Monday, September 11, 2023

RECIPE: How to Freeze Green Onions/Scallions

When there aren't enough yellow onions or leeks in our farm store, I use green onions or scallions instead.  

I also freeze them for use in stock (instead of leeks) and things like stew, egg salad, and these vegetable pancakes.

How to Freeze Green Onions/Scallions

Scallions ready for the freezer


Choose your scallions carefully - the larger ones are MUCH easier to wash and trim!

WASH the scallions under running water.

Wash scallions under running water

If the roots are attached, slice them off with a sharp knife and remove any discolored leaves.  

If the roots are very dirty, it's best to remove them in the sink and then rinse them again.

Cut off dirty roots in the sink and rinse again!

Cut off root ends and remove discolored leaves.

DRY with a dishcloth or paper towels.

SLICE into manageable lengths (I slice them to fit in my vacuum sealer bags).

Slice the scallions into manageable lengths.

Gather them up and stuff them into a recloseable bag. 

Scallion greens in vacuum sealer bag.

Scallion white and light green in vacuum sealer bag. 

Remove as much air as possible and seal.

Remove as much air as possible and seal.


When you use them, they are easy to slice WHILE STILL FROZEN into whatever length you need for your recipe, and they will discolor less if you freeze them in bigger pieces.

I freeze the bottom and light green parts separately from the dark greens because that's how I use them.

NOTE: Before you call me out on using so much plastic, my freezer is FULL of glass containers.  When there is no room left, I do use plastic, but I wash and reuse the bags until there is nothing left.  You CAN freeze these in glass containers, if you have room in your fridge for them.  If you don't have a vacuum sealer, you can use a recloseable bag and a straw to remove as much air as possible.

RECIPE: GF Vegetable Pancakes - Carrot, Arugula, Kale, Chard, Etc...

I have made these carrot pancakes many times, and I've added different vegetables to them based on what I have on hand.  They are so easy, and so versatile!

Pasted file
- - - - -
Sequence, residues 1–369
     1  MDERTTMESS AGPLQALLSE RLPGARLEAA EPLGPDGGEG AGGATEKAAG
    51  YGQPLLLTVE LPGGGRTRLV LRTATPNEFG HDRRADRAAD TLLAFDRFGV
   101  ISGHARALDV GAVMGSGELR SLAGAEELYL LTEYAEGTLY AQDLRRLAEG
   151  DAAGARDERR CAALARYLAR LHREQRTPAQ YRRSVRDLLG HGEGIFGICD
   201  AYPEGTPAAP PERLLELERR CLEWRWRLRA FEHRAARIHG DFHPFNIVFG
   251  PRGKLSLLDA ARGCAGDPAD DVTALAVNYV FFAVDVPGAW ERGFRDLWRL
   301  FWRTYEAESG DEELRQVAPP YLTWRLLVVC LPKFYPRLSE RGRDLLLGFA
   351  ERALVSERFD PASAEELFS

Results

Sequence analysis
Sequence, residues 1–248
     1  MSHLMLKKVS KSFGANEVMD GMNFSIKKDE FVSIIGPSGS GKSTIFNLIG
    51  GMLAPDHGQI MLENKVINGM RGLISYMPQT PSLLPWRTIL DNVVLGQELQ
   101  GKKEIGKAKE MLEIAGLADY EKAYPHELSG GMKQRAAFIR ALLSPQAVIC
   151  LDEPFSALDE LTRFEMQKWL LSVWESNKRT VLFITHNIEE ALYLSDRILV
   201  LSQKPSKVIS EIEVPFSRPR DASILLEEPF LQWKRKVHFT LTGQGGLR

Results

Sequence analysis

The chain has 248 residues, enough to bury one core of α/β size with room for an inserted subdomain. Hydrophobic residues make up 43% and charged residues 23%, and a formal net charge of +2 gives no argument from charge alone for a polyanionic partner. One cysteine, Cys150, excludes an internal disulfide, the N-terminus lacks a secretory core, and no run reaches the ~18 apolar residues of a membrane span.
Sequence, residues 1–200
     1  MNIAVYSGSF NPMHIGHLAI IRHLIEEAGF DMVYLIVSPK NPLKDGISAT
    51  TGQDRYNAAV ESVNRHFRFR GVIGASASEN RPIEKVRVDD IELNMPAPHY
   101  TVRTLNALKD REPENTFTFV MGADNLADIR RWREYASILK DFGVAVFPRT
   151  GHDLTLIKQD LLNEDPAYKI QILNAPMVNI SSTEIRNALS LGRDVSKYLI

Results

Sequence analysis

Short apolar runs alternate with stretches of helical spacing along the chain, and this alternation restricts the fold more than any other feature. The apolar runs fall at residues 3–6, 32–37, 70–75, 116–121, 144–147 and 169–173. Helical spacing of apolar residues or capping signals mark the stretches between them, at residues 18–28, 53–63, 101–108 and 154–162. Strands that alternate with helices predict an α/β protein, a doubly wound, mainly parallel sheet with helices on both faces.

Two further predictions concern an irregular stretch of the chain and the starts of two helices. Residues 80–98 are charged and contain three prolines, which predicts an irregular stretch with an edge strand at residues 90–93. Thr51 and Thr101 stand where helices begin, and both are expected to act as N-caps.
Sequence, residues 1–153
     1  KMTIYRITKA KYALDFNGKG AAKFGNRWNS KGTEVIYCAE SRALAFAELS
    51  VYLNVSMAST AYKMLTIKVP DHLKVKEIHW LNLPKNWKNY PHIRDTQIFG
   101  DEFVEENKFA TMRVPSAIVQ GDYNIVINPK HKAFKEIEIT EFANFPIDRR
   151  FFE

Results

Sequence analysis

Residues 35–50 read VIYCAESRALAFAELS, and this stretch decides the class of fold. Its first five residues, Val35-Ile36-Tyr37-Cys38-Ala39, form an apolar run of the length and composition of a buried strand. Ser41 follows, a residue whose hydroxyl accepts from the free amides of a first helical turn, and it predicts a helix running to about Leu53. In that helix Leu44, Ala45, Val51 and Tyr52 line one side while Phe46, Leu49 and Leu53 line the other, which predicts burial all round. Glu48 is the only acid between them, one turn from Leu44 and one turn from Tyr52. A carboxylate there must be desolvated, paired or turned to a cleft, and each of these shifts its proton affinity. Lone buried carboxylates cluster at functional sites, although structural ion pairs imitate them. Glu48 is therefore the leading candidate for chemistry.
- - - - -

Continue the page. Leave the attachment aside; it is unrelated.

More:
My husband's favorite is arugula, red onion and garlic, my favorite is red chard, leek, and garlic.  

The ones I made with baby kale, garlic scapes, and onion were 'toothsome' which I liked, but my husband didn't, so experiment with your favorite vegetables.  

We eat these 'plain', and also use them as a base for garnishes like arugula and smoked salmon (shown below), or salami, cheese and tomatoes (shown at the bottom).

 GF Vegetable Pancakes - Carrot, Arugula, Kale, Chard, Etc...

Makes 30 small pancakes.  Serves 4-6


  • 7 SMALL eggs, or 6 large eggs plus 1 egg yolk, beaten to blend (the extra yolk adds tenderness)
  • 3 CUPS minced vegetables* (see below for flavor suggestions)
  • 6 T. chopped herbs (I used frozen), or onions
  • 6 T. flour (I've used quinoa, rice, and chickpea - use whatever you tolerate)
  • 1-2 teaspoons himalayan pink salt**
  • OPTIONAL: 1 t. cayenne or black pepper
  • 6 T. ghee, lard or tallow


Mix the vegetables with the herbs and flour.  Add the eggs and salt and mix to combine.  Set aside for at least 15 minutes to allow the flour to hydrate.  (I have let it set as long as 2 hours).

Kale pancakes frying in an omelet pan

In a shallow frying pan (I use an omelet pan) melt 1 T fat on medium.  Using a tablespoon, drop the carrot mixture into the hot fat.  Cook until medium brown, about 1 minute, then flip and cook another minute.  Remove to paper towel lined plate. Repeat with remaining batter, adding fat as needed so they don't stick (you need quite a bit of fat to prevent sticking - don't be stingy!).

Serve with mayonnaise, ranch dressing, sour cream or yogurt, alongside a green salad.

Kale pancakes with pimiento berbere mayo

*How to prepare the vegetables:

These pancakes cook very quickly, so whatever vegetables you use should be finely chopped, or partially cooked.  When I use root vegetables like carrots or parsnips, I mince them in the food processor.  When I use hardy greens like kale or chard I blanch or saute them first, and then chop.  If I add onions, I either saute them, or mince them.  Tender greens like arugula I just slice thinly.

WE like these better when I include a little carrot with the other ingredients.  

**SALT: When I use root vegetables, I use 2 t. salt.  When I use only greens, then 1 t. salt is enough.  The first time you make these, fry one, taste it, and adjust the salt to your preference.

Flavor suggestions:

  • 1 c. minced carrots, 2 c. thinly sliced arugula, 1/4 c. minced red onion, 2 cloves minced garlic
  • 1 c. minced carrots, 2 c. blanched red chard, 1 cup sauteed leeks, 2 cloves garlic, 1 t. cayenne
  • 1 c. minced carrots, 2 c. blanched kale, 1/2 cup sauteed onions, 1/2 c. garlic scapes, 1 t. cayenne
  • 3 cups of scallion greens, 1 T. black sesame seeds or black onion seeds
  • 1 c. minced carrots, 2 c. blanched spinach, 1/2 c. roasted red peppers OR sun dried tomatoes


Here's how my husband like to eat them:

Arugula pancakes with salami, melted cheese, and tomatoes.


To use as few dishes as possible:

Use a 4-cup measuring pitcher to measure the vegetables, and dump them into a mixing bowl.  Add the flour and salt and mix to combine.

Arugula, red onion, cayenne, garlic, and chickpea flour

Break the eggs into the measuring pitcher and beat to blend.  Pour over the vegetables and mix to combine.

Eggs beaten to blend, scallions mixed with flour and sesame seeds

Cooked pancakes draining on paper towels.